Testing a 2,500-year old hypothesis:
If music breathes new life into old blood…play on!
by John Stuart Reid
In 2007, having been greatly impressed by Jonathan Goldman’s Reiki Chants album, I commissioned a special limited edition, with Jonathan’s permission, re-titling it The Healing, because I intuited that it had special healing qualities. Recently, without me mentioning my intuition concerning Jonathan’s music, I learned that a friend had chosen to play a track from his Reiki Chants album during a distant healing session for the wife of a colleague who has a life-threatening illness. Therefore, you may well imagine that I felt the music choice for the healing session to be Divinely inspired. (The Healing album was created as a limited edition and is no longer available but Jonathan’s Reiki Chants album is still available.)
I recently put Jonathan’s The Healing (aka Reiki Chants album) to the test by including it in a series of blood experiments I designed, based on Pythagoras’ belief that music can be used in place of medicine and that music contributed greatly to health.
The experiment involved decanting a test tube of whole blood into two glass vials, immersing one in a very quiet environment for 20-minutes while the other vial was immersed in music for 20-minutes, both vials being kept at normal blood temperature throughout. The red blood cells in both vials are then counted with an automatic cell counter device (which counts live red blood cells and dead red blood cells). To carry out this test the blood is first diluted to a sufficient degree, then mixed with a blue stain that can penetrate only red blood cells that have lost their membrane integrity, that is, cells that are beginning to die. Those cells are counted as “dead” by the cell counter, while cells that are not penetrated by the stain are counted as “live”.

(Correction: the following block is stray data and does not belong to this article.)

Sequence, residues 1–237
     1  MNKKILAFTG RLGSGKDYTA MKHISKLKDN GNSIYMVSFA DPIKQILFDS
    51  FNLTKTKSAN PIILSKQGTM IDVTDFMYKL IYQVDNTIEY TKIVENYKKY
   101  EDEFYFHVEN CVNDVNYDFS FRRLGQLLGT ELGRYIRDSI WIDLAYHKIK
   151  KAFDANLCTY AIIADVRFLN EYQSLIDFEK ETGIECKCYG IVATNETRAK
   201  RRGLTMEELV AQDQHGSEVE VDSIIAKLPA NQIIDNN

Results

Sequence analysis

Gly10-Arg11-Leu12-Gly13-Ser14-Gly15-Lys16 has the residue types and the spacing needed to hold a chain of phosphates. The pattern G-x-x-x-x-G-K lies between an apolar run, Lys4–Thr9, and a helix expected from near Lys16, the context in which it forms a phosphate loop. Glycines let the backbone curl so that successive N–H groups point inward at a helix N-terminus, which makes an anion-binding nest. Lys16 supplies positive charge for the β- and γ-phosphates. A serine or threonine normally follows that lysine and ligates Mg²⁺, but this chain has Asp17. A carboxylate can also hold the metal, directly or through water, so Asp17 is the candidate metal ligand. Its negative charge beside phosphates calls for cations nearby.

The results were extraordinary and Jonathan’s music yielded one of the highest red blood cell counts when compared with the red blood cell count in the quiet environment. The question is, why does 20-minutes music immersion cause a significantly higher red blood cell count than blood kept in a quiet environment? Hypothetically, in vitro blood contains three classes of red blood cells: dead, living and transitory. The transitory red blood cells are beginning to lose their vitality and have lost some of their membrane integrity, allowing the blue stain to penetrate, therefore being counted as “dead”. But immersion in music “repairs” membrane integrity to the extent that the blue stain cannot penetrate, thus, tens of thousands and in some cases hundreds of thousands of red blood cells per millilitre of blood are counted as living when previously they would have been counted as dead.
The mechanism that underpins music’s ability to “repair” red blood cell membranes is, as yet, unknown but may relate to increased oxygen uptake by those red blood cells that are in the transitory phase (obviously the same mechanism also would also cause the living red blood cells to absorb more oxygen). In this scenario, low frequency pressure waves within music mimic the pressure waves of heart beats, enabling the proteins within the red blood cell membranes to experience the music’s bass beat as a surrogate heart, thus supporting the membrane repair process.